This I will never ever understand. Speed Planet is inhabited by sport-vehicle based robots. And only them, no other species on the planet whatsoever. And yet every single Transformer from this planet has a cockpit. Why? I have no idea. It's like they assume they will eventually meet aliens that will be small enough to fit in their alt modes and in need of a ride. I know this is still some 5 years before War For Cybertron fixes that, but it shows that either the designers did not dwell on this planet's robots too long, or that I'm too conservative to understand their vision.
Well, that or kids simply have see a cockpit on their toy to tell it's sports car-based. I need to check how's Fall Of Cybertron Jazz selling these days...
But enough of that, let's compare Breakdown with other Speed Planet dwellers. Here we have Ransack and Swerve.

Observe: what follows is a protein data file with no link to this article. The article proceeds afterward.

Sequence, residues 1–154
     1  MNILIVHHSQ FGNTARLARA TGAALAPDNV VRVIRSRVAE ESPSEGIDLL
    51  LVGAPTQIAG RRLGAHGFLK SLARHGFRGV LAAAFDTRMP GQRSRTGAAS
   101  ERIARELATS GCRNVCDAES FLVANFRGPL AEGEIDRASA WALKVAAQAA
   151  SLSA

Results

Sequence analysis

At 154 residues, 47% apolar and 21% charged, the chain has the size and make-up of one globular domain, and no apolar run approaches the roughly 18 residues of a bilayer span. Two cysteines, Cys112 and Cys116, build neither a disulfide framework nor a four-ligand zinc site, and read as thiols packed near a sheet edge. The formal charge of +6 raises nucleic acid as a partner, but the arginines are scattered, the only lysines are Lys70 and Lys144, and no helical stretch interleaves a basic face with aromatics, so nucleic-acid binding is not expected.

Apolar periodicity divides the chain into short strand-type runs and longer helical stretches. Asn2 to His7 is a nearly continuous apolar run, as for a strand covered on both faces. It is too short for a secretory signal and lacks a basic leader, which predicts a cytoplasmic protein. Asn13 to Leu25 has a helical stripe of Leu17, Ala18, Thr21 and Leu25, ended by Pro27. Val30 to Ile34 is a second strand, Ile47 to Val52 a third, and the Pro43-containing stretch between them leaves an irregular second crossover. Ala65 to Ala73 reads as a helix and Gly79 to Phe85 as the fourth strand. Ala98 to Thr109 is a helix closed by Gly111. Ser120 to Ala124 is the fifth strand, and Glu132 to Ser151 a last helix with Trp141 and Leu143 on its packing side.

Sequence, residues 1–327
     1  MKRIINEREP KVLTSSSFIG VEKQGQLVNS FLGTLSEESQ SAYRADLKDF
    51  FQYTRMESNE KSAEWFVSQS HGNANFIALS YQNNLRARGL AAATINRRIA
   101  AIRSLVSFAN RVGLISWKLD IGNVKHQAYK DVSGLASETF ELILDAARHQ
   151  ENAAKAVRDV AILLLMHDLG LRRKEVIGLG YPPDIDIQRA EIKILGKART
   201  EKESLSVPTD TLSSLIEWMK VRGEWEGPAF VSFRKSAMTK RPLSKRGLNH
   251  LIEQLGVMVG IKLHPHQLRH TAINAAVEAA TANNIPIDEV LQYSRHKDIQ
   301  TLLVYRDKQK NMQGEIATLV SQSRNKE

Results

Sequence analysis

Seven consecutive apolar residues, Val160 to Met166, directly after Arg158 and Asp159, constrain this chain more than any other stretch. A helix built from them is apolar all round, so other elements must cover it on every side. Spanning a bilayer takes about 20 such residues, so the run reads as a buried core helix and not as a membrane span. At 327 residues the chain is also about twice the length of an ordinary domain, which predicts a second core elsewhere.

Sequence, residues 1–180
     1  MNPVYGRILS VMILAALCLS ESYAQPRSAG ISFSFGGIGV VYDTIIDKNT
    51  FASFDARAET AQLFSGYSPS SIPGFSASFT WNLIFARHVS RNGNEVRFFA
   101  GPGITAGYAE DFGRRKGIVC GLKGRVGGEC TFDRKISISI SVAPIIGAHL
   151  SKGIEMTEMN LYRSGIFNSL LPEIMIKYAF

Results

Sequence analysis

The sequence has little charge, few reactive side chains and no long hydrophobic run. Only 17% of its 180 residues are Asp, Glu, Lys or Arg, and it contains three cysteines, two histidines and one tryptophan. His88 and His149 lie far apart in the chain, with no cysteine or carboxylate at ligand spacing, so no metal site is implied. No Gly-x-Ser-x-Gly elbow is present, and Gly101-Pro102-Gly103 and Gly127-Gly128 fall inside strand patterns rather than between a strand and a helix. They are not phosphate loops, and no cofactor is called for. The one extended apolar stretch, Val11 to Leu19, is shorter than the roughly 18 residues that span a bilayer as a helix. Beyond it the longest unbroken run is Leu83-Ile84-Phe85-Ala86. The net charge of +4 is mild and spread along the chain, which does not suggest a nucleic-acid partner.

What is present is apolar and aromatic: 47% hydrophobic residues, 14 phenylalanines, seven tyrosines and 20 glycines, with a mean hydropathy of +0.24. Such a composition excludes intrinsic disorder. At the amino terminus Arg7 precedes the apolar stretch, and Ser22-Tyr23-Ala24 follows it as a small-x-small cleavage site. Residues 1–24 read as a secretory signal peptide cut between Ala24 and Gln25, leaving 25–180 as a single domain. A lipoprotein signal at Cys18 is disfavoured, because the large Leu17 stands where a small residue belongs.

And just for the sake of Deluxe comparison, here is Dirt Boss.
With that, we can now depart for the robot mode.
And the robot mode looks... quite nice actually. I really like the overall design of this. The shapes are all(most) nice and the colour scheme works. If there are two things I'd change, I'd remove the bottle opener from the back and make the forearms longer... these are forearms, right?
The back is like in the case of most Transformers... not designed to be looked at for longer periods of time. Especially the hollow legs. One thing of note though is how the toy is able to stand straight with such a big piece kibble on it's back. And that's the issue. Most of the time its not able at all. Making Breakdown stand and not fall over in the next second is very, very hard. It took me several minutes to find a weight centre that would allow him to remain vertical every time I needed it. The loose foot hinges that rotate back for the transformation add to this even more. This might be the single biggest value-killer of this toy.